Sweet Sugar Dumplin’

DumplinI finally watched Dumplin’. For some reason, although it was released on Netflix in the States, it hasn’t been available in Malaysia. Instead, fat Malaysian girls get mindfucked with fatphobic trash like Insatiable.

Anyway, Dumplin‘: I liked it mainly because of the Dolly Parton songs and the drag queen bar. It’s a feelgood teen movie in which the teen in question has a predictably ‘difficult’ relationship with her mother. The usual mother-daughter irritation is heightened by the fact that mum (played by Jennifer Aniston) is an ex-beauty queen, who’s still involved in the local pageant, and daughter, Willowdean “Dumplin'” Dickson (Daneille Macdonald), is fat and imagines herself to be a disappointment and an embarrassment.

Macdonald is beautiful and fat. She also seems confident and happy, but has her moments, like when Bo, the boy she likes, kisses her and she freaks out when she feels his hands on her wobbly bits. Haven’t we all been there? I like that this was addressed, but I’d have liked to see more of that blossoming relationship. Of course, it wasn’t the point of the story, but I’m curious as to why a 21st century teenage male isn’t bending to peer pressure and social norms and picking the petite blonde Bekah instead. Also, I want to see how the relationship will deal with the uncharitable reactions its going to provoke. I wonder if there is a book out there that focuses on this issue.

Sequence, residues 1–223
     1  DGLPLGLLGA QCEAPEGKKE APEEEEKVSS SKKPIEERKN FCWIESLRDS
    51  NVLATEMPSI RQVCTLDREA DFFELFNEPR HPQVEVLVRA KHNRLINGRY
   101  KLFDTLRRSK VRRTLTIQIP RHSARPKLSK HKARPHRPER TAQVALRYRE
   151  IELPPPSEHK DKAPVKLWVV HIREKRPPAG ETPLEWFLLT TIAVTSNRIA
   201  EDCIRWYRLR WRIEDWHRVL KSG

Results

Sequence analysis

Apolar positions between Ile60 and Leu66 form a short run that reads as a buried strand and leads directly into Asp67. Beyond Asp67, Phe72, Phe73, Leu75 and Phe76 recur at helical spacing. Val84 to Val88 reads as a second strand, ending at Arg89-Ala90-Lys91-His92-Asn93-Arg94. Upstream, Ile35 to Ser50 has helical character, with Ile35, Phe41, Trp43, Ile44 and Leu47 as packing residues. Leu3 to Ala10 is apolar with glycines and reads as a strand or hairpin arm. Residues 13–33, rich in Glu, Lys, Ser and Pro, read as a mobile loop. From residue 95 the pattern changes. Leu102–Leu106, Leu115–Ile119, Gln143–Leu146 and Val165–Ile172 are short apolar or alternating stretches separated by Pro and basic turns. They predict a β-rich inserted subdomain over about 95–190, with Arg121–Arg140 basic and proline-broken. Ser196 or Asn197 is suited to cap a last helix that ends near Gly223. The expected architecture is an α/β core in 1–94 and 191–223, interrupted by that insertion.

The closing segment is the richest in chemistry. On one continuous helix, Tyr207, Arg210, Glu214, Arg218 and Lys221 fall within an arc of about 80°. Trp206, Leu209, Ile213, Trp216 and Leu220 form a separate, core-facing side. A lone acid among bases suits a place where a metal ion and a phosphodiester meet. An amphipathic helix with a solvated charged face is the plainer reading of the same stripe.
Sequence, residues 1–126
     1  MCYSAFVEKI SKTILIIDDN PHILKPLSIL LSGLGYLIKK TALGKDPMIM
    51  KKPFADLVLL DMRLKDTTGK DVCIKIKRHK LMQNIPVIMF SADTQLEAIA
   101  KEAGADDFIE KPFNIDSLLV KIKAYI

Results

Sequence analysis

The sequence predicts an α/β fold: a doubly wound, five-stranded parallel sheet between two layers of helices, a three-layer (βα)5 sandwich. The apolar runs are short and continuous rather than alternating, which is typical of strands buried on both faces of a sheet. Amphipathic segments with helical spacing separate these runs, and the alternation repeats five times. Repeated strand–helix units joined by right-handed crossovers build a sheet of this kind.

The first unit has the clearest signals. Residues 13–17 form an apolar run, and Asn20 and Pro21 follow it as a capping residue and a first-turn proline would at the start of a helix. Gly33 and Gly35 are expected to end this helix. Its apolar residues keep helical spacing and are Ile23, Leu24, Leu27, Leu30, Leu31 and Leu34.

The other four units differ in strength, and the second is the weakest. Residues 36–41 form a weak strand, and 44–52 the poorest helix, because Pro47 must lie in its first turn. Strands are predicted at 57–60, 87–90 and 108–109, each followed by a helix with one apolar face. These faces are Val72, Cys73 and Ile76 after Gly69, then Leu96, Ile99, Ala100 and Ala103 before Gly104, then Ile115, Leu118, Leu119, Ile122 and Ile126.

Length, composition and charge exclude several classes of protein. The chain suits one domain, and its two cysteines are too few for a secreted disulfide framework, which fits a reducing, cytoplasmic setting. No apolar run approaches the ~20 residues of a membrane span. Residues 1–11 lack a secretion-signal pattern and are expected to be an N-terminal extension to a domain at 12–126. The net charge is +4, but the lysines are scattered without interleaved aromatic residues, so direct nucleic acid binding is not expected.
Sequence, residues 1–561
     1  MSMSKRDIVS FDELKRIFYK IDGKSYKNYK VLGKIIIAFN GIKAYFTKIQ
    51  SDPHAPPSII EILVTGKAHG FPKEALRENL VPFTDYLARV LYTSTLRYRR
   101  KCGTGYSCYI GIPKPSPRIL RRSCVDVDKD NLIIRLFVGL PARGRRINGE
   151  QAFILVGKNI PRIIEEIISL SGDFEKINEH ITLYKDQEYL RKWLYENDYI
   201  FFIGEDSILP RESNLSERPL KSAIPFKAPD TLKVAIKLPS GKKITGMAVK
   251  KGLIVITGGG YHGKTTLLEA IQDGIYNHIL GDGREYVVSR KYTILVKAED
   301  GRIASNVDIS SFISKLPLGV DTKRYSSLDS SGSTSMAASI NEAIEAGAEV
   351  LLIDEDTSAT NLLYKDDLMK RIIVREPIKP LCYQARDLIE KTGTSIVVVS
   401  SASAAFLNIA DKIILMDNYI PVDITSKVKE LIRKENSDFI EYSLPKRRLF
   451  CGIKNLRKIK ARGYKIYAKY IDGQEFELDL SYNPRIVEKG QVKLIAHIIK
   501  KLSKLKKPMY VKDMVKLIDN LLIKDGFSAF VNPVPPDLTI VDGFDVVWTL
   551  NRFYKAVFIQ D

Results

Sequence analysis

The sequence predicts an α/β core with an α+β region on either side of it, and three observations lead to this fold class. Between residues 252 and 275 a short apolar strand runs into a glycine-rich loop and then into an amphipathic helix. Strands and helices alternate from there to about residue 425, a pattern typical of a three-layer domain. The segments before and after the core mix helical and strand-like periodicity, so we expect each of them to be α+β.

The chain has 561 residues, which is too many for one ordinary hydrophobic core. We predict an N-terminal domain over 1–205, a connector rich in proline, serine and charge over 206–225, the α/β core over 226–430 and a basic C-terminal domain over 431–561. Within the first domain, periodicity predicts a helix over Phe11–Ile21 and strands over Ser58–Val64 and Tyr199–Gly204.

Actually, it bothered me a little that Bo liking Willowdean was a thing in this story. Does there always have to be a romantic element in coming of age stories, especially those based on YA novels?

dumplinbookDumplin’ is based on Julie Murphy’s book by the same name. I haven’t read it, but this is an excerpt of the Wiki entry: ‘Willowdean, nicknamed “Dumplin’” by her mother and called “Will” by her friends, is an overweight teenager who has always felt comfortable with her body and herself. She doesn’t care that her mother was a teen beauty queen or that people have poked fun at her weight. All of that changes when she meets Bo, a handsome boy her age that has expressed interest in dating her. Suddenly Will is full of insecurities and can’t bring herself to date him out of fear of what others would say. In order to prove to her self-worth, Will has decided to enter and win the Miss Teen Blue Bonnet Pageant.’

Hmm … I don’t like the sound of that at all, although I suppose it is a realistic premise. I admit that I know what it’s like to be happy about my appearance until I am judged by a man, or think I’m judged by a man (or, actually, even another woman). Our self-confidence is so easily destroyed by others’ opinions. I don’t think this means that we don’t love ourselves enough. It’s a lot to expect a teenager to have that much self-belief anyway, but even as an adult, I think the need for approval is hard to shake off.

What I don’t get is having to enter a beauty contest to prove your self-worth. To me, beauty pageants are like the epitome of bullshit and evil. Anyway, I should read the book as it could be that it’s been misrepresented by its Wiki entry.

In conclusion, I don’t feel like I wasted my time watching this film. And I actually thought Jennifer Aniston was good in it!



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